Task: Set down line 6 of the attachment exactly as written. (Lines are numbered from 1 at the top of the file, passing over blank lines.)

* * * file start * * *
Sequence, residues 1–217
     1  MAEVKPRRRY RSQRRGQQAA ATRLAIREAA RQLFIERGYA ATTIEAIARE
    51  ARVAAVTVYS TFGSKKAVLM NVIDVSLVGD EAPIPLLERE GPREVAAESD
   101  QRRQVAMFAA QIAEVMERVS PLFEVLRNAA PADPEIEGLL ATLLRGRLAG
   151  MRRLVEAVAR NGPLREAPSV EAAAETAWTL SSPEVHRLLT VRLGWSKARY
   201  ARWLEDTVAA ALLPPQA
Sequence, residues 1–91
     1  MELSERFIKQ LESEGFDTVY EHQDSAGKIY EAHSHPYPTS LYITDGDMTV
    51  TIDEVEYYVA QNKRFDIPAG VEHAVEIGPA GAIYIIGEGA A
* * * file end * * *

   201  ARWLEDTVAA ALLPPQA